Sunday, April 6, 2014

Review: TRACKS: What Without Why

I remember this story from the time and how it felt, in however slight a way, that things were changing in the world. There was a little in the media about it but it didn't really come alive for me until the edition of National Geographic landed at the door of my subscriber family home. What I recall first from reading that was the golden hue of the cover and the impression that I was looking at a demi-god descended. What I don't recall was the reason this young woman trained for years to make a trek of thousands of kilometres through such hostile terrain. This film, as a narrative fiction ought to anchor itself on that very thing. Goody, closure!

Whether it is the sweep of the aerial photography of the terrible beauty of the land or that it is effectively personified in the subtle power of Mia Wasikowska's face what I saw was the same as the magazine story: the feat outranks the need. We get a good idea of the time and patience Davidson put in to do this mighty thing and there is a real sense of determination on screen but we just don't get why. Some scenes of childhood trauma are inserted and mount towards a confrontation that never quite happens. So, if it was a massive exercise in emotional analgesia it's still a mystery, by the end credits.

Peter Weir's Picnic at Hanging Rock was made only a few years before Davidson's feat and it used its setting to show the spooky effects of overdressed Edwardian stiffness confronting and perhaps being consumed by an alien nature. This film works best when it is showing us something similar, landscapes that could be from a planet simliar to ours but a slight kick further towards the star. But how effective can this be when we already know that Davidson who began life in rural hardship in western Queensland. The learning curve between the nature she was born into and this amped up version is a gentle one. The sense of conquest is only lessened by her own account.

The opportunity to extract herself from the chattering crowd seems reasonable but spending that much time and effort in her impatient mid twenties suggests a kind of sociopathy rather than hermit-like reclusion. The self administered secular baptism that we know is coming feels like much more than relief but, really, that's all we are privy to. We are given many signs of the magnitude of the physical journey but are left guessing about the personal one.

Mia Wasikowska has power as a screen presence and this performance does nothing to subtract from that. What she does give feels natural but it still falls short as she is simply not given enough to work with. This creates the same tension whenever we see an accomplished player in an undistinguished piece, a Michael Fassbender in Jane Eyre, an Ellen Page in Inception, a De Niro in  ...  anything since Goodfellas. Was director John Curran unable or perhaps unwilling to overegg the splendid visual pudding before us with character depth? Is Davidson herself a poker faced misanthropic thing of stone (well, she did famously have a fling with fatwa-bound and camera-shy Salman Rushdie but .. ok, apart from wowing at that when I read it, that really has no place here)?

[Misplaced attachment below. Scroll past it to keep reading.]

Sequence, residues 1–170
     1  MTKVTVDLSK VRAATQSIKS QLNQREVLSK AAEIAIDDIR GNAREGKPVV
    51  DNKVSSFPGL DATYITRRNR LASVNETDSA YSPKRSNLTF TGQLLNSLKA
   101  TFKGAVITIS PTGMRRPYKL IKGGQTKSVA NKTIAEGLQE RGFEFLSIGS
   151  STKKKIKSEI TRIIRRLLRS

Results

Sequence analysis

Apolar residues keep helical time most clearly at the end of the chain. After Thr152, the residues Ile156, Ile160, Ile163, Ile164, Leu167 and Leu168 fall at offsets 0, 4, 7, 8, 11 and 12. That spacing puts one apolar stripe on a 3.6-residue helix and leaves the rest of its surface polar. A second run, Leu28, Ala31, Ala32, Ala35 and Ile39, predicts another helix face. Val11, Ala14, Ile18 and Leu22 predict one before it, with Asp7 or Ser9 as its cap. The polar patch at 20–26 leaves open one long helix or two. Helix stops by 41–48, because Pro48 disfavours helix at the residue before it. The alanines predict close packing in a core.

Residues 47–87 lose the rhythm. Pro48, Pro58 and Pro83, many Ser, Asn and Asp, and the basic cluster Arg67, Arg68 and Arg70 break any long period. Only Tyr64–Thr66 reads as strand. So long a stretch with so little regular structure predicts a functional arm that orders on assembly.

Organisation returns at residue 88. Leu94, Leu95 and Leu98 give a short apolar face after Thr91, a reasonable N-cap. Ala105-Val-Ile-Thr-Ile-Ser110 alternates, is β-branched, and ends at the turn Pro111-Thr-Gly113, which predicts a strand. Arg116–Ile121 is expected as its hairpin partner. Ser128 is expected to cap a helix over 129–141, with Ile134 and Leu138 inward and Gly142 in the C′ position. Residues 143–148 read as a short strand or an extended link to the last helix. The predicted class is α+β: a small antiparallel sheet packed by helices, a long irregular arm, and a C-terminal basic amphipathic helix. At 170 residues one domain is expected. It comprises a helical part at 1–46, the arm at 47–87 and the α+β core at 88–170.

There is a decided lack of moment at points that ought to shake with it. Finding a safe swimming hole. Reaching the coast (oh come on that is not a spoiler). The very hard thing she is forced to do along the way (which I won't spoil). None of these things feel that important (even the very hard thing). Similarly, the sense of the danger she frequently finds herself in is suspense-free. All this is strange considering it is the story of someone whose confrontations with nature form the essence of the tale. Without the provision of anything else, a more than sketchy commentary by Davidson as a character on her journey for example, we are left wondering "so what" at an endeavour that few in the comfort of their cinema seats would dream of undertaking. Whether she is or not it just feels as though she's pretty much ok for the whole trip. A few prickles in the grass here and there but she's essentially fine.

We might be thankful that the relationship with National Geographic photographer Rick Smoalan is not overblown into a burgeoning romance of life-affirming power that lures Robyn back from the emotional wilderness and into modern wellness. It's played out quite naturalistically with help from a believably socially awkward Adam Driver but soon begins to serve as an assurance that Davidson is never really going to be tested unto death in the wilderness. One international poster for the film features the pair in a kneeling embrace on desert sands. If anyone pays for a ticket to this thinking they're in for a love story then I hope the choctops are good that day.

Oh and, is it too hard to imagine beyond an off the rack orchestral score for something like this. The pan flutes in Picnic at Hanging Rock added something alien to both civilisation and nature which fuelled unease and a real spookiness throughout. An electronic score comprised of the sounds of the locations would, with a little imagination draw the eerie beauty of the land out from the slide show we get.

So, we still don't why this extraordinary thing was done by this extraordinary person. We do know that it was done. With a mechanism designed to extract the conflict and jeopardy from everyday life and deliver a concentrated dose of it for our emotional and philosophical well being how can we end up with this dilution? How can, in other words, this cinematic representation be less engaging than the lines around the photographs of a few pages of a magazine from the 70s? All I know is that it shouldn't. Why don't I read the book, then? After this feckless teaser the best I'll say is that maybe I shall.

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